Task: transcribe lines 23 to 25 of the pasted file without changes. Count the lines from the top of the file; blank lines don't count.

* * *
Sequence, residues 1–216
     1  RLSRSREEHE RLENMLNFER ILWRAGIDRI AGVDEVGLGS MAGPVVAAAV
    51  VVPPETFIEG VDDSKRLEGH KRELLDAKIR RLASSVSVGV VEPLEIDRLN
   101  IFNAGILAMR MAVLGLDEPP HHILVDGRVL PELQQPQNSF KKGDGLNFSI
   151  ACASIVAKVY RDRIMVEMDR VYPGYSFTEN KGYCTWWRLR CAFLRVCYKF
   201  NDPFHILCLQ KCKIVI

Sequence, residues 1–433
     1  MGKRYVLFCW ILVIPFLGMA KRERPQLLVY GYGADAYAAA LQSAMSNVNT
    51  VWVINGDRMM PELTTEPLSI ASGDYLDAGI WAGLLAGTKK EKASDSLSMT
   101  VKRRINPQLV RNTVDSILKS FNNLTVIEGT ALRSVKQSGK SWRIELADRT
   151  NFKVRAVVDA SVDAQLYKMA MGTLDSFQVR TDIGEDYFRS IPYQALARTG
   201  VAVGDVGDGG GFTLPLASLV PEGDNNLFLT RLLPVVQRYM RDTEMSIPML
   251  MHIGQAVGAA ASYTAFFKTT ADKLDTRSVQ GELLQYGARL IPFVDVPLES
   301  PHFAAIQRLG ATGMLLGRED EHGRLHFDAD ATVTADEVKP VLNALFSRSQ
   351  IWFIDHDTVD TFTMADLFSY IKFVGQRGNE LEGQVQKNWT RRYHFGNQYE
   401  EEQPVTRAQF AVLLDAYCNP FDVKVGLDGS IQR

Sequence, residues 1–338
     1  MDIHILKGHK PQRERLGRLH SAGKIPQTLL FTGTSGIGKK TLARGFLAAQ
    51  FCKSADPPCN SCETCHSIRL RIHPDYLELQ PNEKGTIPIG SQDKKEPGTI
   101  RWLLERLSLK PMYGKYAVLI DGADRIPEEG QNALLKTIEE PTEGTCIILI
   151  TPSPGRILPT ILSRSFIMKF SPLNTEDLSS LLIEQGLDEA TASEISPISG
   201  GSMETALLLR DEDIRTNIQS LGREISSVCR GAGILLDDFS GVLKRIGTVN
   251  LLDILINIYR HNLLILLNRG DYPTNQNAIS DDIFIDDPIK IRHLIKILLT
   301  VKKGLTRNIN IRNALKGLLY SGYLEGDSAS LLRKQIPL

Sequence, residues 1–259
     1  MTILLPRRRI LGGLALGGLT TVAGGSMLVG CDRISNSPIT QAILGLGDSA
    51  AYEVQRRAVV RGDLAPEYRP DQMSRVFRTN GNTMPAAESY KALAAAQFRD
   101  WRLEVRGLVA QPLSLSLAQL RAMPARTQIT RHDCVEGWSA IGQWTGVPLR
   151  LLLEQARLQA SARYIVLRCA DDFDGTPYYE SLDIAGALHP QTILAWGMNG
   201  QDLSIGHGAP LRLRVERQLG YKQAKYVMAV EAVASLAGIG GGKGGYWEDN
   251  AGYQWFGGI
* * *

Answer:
   251  LLDILINIYR HNLLILLNRG DYPTNQNAIS DDIFIDDPIK IRHLIKILLT
   301  VKKGLTRNIN IRNALKGLLY SGYLEGDSAS LLRKQIPL

Sequence, residues 1–259